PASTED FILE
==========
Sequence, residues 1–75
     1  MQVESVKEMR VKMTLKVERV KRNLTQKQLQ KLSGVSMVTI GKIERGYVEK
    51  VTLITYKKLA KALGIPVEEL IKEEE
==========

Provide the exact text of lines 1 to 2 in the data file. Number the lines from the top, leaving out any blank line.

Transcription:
Sequence, residues 1–75
     1  MQVESVKEMR VKMTLKVERV KRNLTQKQLQ KLSGVSMVTI GKIERGYVEK